Consolidate a fragmented market
    Reinforce brand (or “reverse brand”)
    Capture mind-share

    Finance

    Improve revenue and profit
    Reduce or avoid recurring costs
    Customer acquisition
    Branding
    Advertising
    Own an asset that will continue to appreciate

    Operations

    Provide a memorable, unchanging address
    Reach a world-wide audience
    Improve web traffic, search ranking and ad-placement
    Leverage online advertising expenditures

    Trends

    Web audience – up
    Online advertising – up
    Importance of web identity – up
    Domain valuations – up
    One-word name availability – nil

    Opportunities

    Capture a category – broadly or narrowly
    Stand shoulder to shoulder with much larger companies
    Use social media to selectively enhance brand
    “Own a word” in the mind of the prospect – and prime your site

    But before you hit the “selling” button (which is what these are useful for), make sure to do some marketing first. Marketing, in my view, is the job of identifying the prospects who have the biggest and most difficult problem that a domain-name can solve, putting together a compelling case (see above) and lining up the actual names of actual people for the sales-folks to contact. I think for the most part this “marketing” stage is missing for most people, which makes the “sales” job a lot tougher.

    Reply
  • Domain 6 Star Ltd. April 5, 2011, 2:37 pm

    I think that you can not know at all, because all the time looking for a good broker. If you know that – let me know about him

    Reply
  • Adan April 5, 2011, 5:04 pm

    Best bet is to let them find you.

    Reply
  • Ken Greenwood April 6, 2011, 6:12 am

    I’ve sold hundreds of domains over the years and many of them for a decent amount of money… in the $XX,XXX range. Started buying them up in the late 90’s. Domaining has always just been a hobby of mine as my day job provides me with pretty nice income. Here’s my simple approach to finding end users – more than likely, if they are an end user who is committed to their business, they are going to already be operating that business under a domain similar to the one you are trying to sell. I’ve written about this on http://www.gotnom.com and I’ve built an application to assist in finding these similar domains at http://www.zfbot.com. It also helps that I deal with CEO’s and CIO’s on a daily basis and know how to speak to contact them and speak to them on their level. The key is making the party you are pitching the domain name to understand the value in the domain while offering a fair price. Too many domainers believe the domains they hold to be of far greater value than they actually are worth. Do the research properly, contact the appropriate people and you should be able to flip a domain in a few weeks.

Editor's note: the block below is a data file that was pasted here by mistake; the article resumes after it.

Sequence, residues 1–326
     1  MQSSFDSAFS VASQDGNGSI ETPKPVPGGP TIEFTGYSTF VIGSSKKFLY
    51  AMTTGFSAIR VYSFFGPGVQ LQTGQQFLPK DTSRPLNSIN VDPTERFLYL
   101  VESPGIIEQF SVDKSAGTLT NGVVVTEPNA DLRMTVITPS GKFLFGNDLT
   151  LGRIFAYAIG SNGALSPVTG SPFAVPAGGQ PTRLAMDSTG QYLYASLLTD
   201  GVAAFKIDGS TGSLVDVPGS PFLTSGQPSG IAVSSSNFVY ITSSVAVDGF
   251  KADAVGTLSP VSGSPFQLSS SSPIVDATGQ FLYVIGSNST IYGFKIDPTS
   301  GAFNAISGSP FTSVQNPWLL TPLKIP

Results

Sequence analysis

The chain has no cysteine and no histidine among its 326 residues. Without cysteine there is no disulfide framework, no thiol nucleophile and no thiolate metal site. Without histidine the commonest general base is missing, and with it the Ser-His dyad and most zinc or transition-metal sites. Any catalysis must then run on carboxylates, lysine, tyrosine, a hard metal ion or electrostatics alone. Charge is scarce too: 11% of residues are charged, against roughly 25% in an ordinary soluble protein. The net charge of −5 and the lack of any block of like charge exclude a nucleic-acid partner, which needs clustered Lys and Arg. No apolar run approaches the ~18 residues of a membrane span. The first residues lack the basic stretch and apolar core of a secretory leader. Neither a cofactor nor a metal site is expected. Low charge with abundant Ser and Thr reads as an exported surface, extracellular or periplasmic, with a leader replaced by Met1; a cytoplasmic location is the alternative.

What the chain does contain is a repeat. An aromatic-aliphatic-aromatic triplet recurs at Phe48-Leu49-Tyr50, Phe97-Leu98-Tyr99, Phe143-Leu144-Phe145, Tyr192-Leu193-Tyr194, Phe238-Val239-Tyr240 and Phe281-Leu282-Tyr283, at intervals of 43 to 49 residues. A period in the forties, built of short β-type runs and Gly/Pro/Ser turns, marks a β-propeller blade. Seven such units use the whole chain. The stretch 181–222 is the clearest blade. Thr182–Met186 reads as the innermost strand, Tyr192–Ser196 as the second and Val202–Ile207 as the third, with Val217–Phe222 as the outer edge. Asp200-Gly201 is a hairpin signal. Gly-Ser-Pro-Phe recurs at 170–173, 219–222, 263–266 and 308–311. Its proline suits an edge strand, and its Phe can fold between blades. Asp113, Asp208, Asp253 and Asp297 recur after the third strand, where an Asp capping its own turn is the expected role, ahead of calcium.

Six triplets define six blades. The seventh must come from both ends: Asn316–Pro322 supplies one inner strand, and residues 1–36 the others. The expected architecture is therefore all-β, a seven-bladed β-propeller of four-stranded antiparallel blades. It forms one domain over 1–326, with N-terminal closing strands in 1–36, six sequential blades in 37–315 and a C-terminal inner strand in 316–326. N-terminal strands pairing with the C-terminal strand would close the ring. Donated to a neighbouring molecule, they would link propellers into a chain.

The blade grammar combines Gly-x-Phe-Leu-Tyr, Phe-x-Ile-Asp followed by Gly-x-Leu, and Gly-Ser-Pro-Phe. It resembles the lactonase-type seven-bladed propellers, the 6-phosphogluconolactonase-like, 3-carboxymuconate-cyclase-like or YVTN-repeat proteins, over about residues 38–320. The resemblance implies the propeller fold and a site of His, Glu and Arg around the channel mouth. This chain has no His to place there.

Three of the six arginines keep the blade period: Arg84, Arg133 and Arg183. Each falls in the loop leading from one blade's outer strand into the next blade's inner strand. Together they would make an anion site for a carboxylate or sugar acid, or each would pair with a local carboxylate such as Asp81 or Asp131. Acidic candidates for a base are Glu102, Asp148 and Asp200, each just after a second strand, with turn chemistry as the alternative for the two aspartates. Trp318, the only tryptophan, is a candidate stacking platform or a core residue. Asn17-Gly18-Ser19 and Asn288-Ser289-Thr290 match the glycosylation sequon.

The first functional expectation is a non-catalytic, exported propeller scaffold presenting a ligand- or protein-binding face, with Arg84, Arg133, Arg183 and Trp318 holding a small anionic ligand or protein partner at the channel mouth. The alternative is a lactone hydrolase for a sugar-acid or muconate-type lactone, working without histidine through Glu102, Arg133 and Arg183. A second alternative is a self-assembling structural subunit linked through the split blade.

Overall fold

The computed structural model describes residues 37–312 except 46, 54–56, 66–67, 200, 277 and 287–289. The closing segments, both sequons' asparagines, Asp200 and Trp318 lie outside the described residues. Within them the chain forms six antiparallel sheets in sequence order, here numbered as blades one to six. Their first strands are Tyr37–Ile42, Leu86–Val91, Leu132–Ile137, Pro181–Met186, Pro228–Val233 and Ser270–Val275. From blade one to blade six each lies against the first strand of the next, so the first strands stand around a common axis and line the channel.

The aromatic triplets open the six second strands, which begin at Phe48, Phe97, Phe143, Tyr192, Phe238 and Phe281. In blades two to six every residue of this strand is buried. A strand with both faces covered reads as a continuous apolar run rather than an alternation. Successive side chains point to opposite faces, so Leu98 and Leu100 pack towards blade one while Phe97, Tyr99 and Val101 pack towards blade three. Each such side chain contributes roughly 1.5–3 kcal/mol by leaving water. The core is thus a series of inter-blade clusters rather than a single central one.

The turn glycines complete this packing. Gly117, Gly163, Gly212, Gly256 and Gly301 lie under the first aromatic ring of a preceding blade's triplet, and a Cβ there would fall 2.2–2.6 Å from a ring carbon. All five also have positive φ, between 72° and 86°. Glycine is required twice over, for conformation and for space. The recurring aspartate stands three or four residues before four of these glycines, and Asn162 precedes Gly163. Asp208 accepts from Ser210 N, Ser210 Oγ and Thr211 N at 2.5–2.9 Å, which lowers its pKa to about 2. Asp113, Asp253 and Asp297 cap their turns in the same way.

Reply
  • a April 6, 2011, 11:58 am

    Domain Advisors is a newer company that does does the work of finding end users for you. It’s staffed by Tessa Holcomb and Jeff Gabriel (the guy who brokered the sale of sex.com for $13 million).

    For some names it makes a lot of sense to do the legwork of trying to flip it yourself, but if you’ve got a good sized portfolio or for ‘crown jewels’ it might make sense to get in touch with them and see if they can help you find buyers.

    Reply
    • Morgan April 6, 2011, 1:03 pm

      Great advice @A – I am actually partners with Domain Advisors, they do a great job and we refer all our clients to them for brokerage – definitely a top pick in my book!

      Reply
  • DomainsHeat.com April 8, 2011, 4:10 pm

    I use google search results. For example for domain BaliNightClub.com, I would type “Bali Night Club” and also use advanced settings to get 100 results, than I would extract whois info for each result and contact them…

    Another great tool is Switchboard.com, you can find business by name, so for PizaaBaby.com I would type, “Pizza Baby” to get list of companies in USA.

    Reply